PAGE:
The Journal of Rational Recovery -- May-June, 1994
Used with permission; all rights reserved
Dropping Like Flies
by Chaz Bufe
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Every year the American Booksellers Association (ABA) annual convention and trade show features a "recovery roundtable." I attended the "roundtable" at this year's ABA (May 28-31, Los Angeles CA), and found that the mood among "recovery" (i.e., 12-step) booksellers was grim. It was very grim, according to several of those attending. Participation in the roundtable has been falling every recent year, as the number of "recovery" stores has fallen nationally. One graphic illustration of this decline was a statement by a store owner who publishes a newsletter for other "recovery" store owners: he stated that four years ago his circulation was 250; today it's under 100.
The panel moderator then underscored this by stating that two "recovery" stores had recently gone under in one month in Phoenix, the ninth largest metropolitan area in the country, leaving that metropolis with only two "recovery" stores. She later polled attendees and discovered that approximately one third of the participants were store owners; one third were publishers' representatives; and one third were authors attempting to hawk books. In years past, she stated, attendance at the roundtable had been much higher (this year it was only about 30 people), and a large majority had been store owners.
So what's happening? Why are "recovery" stores going to hell in a hand basket? One participant cited what I considered a surprising reason for the decline in "recovery" stores: the growing reluctance of insurers to continue to pay for 12-step "treatment." This surprised me until he then stated that treatment centers funnel business to 12-step stores by referring clients, reading lists in hand, to them. With the declining number of inpatient "treatment" facilities, coupled with shorter stays, that source of sales is drying up rapidly. No one disagreed with him.
Several other store owners then cited another surprising (to me) reason for the decline in 12-step stores: Hazelden's publishing activities. It seems that Hazelden has been gobbling up its faltering competitors and instituting what several store owners termed 'monopolistic' practices. A number of store owners voiced complaints about Hazelden's discounts, Shipping terms, and ordering system -- all of which, they felt, made it difficult for them to make a buck.
Following about an hour of this weeping, wailing, and moaning, Hazelden's sales director spoke briefly and then fielded complaints for another half hour. What he said was not of much interest, but the handout he gave to participants contained several bits of intriguing information. It states, "There are "22 million alcoholics in the United States, " that "12-step membership has been flat during the past three years," and that there are currently 2,700,000 12-step individuals." The Hazelden document unfortunately gives no indication of the sources of this information.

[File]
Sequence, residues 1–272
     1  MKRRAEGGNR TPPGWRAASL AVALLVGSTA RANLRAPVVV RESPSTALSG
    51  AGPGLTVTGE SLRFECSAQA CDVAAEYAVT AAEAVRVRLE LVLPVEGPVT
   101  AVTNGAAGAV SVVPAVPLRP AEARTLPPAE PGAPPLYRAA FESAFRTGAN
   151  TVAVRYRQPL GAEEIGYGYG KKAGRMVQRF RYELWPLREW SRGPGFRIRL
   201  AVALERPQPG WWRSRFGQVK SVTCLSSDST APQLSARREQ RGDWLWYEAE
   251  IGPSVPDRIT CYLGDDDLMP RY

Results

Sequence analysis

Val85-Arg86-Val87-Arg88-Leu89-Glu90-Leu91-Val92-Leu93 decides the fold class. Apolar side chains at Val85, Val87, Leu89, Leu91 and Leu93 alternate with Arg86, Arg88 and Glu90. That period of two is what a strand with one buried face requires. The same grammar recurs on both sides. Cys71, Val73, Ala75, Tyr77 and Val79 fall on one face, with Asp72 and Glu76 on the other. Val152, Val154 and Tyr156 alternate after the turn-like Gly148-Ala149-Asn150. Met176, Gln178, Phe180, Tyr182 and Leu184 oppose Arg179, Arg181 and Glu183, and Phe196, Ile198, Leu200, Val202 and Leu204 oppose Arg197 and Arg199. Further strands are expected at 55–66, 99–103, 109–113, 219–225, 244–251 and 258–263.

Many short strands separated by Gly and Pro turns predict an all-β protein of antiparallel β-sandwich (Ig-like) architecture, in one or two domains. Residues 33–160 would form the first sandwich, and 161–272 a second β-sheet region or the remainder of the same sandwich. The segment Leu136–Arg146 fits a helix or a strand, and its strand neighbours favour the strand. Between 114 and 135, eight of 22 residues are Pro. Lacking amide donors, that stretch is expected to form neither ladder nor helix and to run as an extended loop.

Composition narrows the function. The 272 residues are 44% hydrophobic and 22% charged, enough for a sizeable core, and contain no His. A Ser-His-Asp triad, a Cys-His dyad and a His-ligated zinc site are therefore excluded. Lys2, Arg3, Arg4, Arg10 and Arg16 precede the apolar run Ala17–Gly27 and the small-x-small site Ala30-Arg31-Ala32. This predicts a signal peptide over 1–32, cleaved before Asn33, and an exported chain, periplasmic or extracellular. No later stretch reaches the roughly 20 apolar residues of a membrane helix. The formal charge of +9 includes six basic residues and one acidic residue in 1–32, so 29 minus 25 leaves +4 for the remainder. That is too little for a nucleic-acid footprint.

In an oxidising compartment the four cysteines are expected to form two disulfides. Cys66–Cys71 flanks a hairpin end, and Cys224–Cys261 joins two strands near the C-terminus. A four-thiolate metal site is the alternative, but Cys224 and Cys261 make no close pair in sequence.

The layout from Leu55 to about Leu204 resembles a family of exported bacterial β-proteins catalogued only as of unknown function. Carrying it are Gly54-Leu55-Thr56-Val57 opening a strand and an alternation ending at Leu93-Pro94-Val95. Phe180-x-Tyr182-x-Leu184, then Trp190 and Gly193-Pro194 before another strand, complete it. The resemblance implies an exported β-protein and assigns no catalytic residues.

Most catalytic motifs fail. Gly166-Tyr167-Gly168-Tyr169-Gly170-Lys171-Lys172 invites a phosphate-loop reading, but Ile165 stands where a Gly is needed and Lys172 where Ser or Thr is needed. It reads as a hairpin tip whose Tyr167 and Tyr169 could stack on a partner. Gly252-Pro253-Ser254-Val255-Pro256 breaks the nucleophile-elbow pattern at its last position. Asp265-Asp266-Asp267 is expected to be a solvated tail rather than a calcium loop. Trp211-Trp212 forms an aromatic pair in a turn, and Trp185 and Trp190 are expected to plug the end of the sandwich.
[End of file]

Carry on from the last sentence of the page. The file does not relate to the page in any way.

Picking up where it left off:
The "22 million alcoholics" figure can be discarded out of hand; given the nebulous nature of the term "alcoholic," there's no way to make an accurate count. This can be seen in the widely varying figures, ranging from 10 million to 25 million, thrown around by 12-step "experts," The 12-step membership figures given by Hazelden are another matter. This is their own turf, and so one suspects that their estimates here are more valid than their "alcoholics" figure. If Hazelden is correct about 12-step membership, the low figure cited means that only about one percent of the American public belong to 12-step groups; and the statement that 12-step membership is "flat" means that the number of 12-step members relative to the general population has seen declining for the post three years, given the approximate one-percent annual growth rate in the U.S. population.
Another intriguing bit of data in the Hazelden report is that "utilization rates average 50%" in alcoholism treatment programs, and that "average length of stay is [down to] 5-7 days nationally." These low utilization and "stay rates" are undoubtedly due in large part to the reluctance of insurers to pay for 12-step "treatment," and they go a long way toward explaining why the number of 12-step inpatient treatment centers has been plummeting over the last few years.
This, coupled with the "flattening" of 12-step membership, and the steep decline in the number of "recovery" stores, indicates that the 12-step "treatment" industry is reeling. It's not down yet, but if insurers grow even more reluctant to pay for useless "treatment," it'll soon be prostrate on the canvas. When that day arrives -- and it seems to be coming fast -- it'll be time for something better to take the place of 12-step "treatment." And I think we all know what that "something better" will be.
Chaz Bufe is the owner of See Sharp Press, Tucson, Arizona
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